Like most computer systems, SCADA comes in a variety of different architectures. These systems can vary greatly in complexity depending on the scale or age of them. However, when initially trying to understand how a SCADA system operates it can be broken down into four main components.

The supervisor
At the heart of a SCADA system we will find the supervisory computer system. As you can imagine from the name, this is the decision-making component of the system that listens to and controls the various remote devices.

The HMI (human machine interface) takes the data in the SCADA system and presents it to the operator in a manner that they can understand. When you see a group of engineers in a plant staring at a large screen showing animations and flashing lights there is a good chance it’s a SCADA HMI they are looking at.

The RTU (remote terminal units) may reside locally or remotely to the supervisor and is responsible for collecting sensor data, formatting it and transmitting it back to the supervisor. An RTU can also receive commands from the supervisor to pass to any controller equipment it is managing.

PLCs (programmable logic controller) are devices that can be programmed to control other devices based on the information they receive. For example, a PLC may receive an input telling it that the motor is spinning at 1000rpm.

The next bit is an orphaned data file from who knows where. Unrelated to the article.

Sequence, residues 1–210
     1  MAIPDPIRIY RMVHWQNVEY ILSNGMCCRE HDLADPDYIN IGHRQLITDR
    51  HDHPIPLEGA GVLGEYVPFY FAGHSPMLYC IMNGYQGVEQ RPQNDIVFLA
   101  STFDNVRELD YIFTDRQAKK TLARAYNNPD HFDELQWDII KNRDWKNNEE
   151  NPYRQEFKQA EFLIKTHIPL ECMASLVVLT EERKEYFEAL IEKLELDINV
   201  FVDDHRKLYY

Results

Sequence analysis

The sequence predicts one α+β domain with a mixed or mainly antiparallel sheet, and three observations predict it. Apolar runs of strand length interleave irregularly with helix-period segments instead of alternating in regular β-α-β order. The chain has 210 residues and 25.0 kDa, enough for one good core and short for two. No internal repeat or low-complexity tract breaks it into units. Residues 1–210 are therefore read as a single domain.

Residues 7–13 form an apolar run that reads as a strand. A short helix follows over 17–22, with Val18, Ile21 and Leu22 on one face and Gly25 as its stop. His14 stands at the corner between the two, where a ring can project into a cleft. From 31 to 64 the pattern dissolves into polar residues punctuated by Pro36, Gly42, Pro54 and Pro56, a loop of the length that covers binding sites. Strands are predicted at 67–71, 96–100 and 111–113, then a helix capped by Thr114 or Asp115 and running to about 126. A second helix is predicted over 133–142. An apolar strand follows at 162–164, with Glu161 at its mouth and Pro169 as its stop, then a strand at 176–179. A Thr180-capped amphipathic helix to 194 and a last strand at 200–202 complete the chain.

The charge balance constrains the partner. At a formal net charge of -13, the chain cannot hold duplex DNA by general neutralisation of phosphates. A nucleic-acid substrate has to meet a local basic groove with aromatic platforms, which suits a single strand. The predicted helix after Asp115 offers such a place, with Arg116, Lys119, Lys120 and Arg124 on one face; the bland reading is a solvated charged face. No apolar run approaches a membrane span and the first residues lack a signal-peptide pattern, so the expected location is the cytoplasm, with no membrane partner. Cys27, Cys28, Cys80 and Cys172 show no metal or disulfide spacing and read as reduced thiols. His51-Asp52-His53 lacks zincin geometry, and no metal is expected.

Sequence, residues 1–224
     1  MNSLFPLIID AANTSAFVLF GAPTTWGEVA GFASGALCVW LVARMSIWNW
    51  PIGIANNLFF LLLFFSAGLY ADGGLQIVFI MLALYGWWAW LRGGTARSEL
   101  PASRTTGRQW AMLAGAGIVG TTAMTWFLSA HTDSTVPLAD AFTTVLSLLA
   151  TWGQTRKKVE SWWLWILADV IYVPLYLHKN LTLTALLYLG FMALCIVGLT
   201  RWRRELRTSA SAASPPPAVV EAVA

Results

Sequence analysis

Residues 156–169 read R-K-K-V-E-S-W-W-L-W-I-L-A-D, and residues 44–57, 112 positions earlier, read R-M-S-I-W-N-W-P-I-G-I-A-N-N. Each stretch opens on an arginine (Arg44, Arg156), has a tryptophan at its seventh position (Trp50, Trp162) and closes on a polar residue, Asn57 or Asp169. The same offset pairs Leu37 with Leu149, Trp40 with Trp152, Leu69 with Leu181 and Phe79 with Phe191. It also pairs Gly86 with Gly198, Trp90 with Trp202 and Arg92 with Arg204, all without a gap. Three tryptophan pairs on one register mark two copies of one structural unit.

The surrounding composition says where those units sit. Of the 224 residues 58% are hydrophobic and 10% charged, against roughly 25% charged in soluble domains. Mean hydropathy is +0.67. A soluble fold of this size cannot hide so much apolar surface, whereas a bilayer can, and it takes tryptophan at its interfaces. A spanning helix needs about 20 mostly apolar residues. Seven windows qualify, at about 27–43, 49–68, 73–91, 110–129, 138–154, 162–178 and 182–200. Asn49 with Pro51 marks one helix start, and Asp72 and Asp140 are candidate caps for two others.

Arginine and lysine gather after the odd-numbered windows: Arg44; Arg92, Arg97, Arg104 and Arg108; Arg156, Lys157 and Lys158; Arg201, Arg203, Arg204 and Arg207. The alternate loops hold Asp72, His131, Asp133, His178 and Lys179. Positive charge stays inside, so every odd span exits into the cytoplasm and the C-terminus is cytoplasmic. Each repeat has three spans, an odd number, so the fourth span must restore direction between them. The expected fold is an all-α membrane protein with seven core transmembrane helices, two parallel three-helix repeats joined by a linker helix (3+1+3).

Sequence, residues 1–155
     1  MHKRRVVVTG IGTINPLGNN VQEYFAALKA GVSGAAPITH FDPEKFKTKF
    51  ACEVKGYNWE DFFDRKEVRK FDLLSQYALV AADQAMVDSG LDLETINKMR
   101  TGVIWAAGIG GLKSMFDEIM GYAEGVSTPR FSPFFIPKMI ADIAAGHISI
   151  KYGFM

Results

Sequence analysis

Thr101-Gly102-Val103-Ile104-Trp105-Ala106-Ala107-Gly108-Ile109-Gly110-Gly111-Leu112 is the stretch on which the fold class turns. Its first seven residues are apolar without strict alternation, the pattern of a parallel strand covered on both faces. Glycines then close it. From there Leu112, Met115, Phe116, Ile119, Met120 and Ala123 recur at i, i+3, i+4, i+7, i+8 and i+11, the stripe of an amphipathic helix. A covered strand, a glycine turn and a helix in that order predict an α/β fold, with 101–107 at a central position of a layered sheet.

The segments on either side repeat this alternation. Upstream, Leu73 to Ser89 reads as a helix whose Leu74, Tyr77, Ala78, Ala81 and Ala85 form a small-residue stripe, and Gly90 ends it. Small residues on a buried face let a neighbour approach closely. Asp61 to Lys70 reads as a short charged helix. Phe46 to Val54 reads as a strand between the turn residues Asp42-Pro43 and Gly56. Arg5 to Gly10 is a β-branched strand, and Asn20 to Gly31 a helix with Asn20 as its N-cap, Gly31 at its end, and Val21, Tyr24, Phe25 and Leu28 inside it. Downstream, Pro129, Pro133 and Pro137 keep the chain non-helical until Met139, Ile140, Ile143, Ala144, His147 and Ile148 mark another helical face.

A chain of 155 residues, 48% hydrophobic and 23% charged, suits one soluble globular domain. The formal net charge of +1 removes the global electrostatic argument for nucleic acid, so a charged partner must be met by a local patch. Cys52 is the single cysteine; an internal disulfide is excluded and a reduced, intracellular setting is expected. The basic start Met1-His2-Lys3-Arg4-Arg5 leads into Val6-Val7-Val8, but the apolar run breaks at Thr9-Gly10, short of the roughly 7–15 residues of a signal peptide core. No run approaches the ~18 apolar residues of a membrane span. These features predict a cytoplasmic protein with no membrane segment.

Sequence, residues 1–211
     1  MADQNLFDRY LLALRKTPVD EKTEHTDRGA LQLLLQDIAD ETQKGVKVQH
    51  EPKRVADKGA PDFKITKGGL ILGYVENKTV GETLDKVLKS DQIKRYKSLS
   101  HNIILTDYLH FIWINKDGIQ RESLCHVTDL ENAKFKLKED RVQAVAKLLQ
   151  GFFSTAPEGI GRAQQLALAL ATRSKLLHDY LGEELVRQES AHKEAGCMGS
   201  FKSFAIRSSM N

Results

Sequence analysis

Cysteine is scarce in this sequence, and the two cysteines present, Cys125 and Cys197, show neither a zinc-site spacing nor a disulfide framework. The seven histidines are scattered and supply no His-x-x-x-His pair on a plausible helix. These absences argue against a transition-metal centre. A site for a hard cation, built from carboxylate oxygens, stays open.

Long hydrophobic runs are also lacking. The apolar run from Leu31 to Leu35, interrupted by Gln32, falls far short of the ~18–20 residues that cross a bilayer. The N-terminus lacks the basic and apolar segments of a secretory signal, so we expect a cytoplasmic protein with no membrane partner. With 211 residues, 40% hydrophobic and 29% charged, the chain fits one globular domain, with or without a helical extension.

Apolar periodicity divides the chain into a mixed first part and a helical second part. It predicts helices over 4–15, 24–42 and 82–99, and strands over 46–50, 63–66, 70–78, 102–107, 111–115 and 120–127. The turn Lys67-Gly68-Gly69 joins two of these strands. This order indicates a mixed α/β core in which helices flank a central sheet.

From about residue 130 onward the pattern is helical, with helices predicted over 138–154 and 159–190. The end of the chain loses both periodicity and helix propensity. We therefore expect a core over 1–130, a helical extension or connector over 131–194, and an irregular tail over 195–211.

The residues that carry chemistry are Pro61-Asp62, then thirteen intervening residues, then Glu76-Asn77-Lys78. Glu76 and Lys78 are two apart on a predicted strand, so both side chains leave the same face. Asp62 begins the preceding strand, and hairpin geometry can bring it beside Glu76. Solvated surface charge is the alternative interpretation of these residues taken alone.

The PLC could be programmed to keep the motor speed at 1100rpm. The input data will be computed and it would then output an instruction to the motor increasing the speed to 1100RPM. PLCs allow a great deal of flexibility to be achieved as the logic controlling the device can be programmed in specifically to suit the system.

When the Stuxnet virus wreaked havoc in the Iranian nuclear facility in Natanz it did so by compromising the SCADA system. The virus installed malware into the PLCs that controlled the rotational speed of the centrifuges used for uranium enrichment.

It altered the rotational speed of the centrifuge dramatically so that it caused damage and eventually malfunctioned catastrophically. In addition to the offensive effect, Stuxnet ensured the attack was covert by installing a rootkit that masked the rotational speed changes so that the operating values appeared normal. This delayed the Iranian efforts at diagnosing the cause of the centrifuge issues for some time and increased the attack impact by allowing it to continue.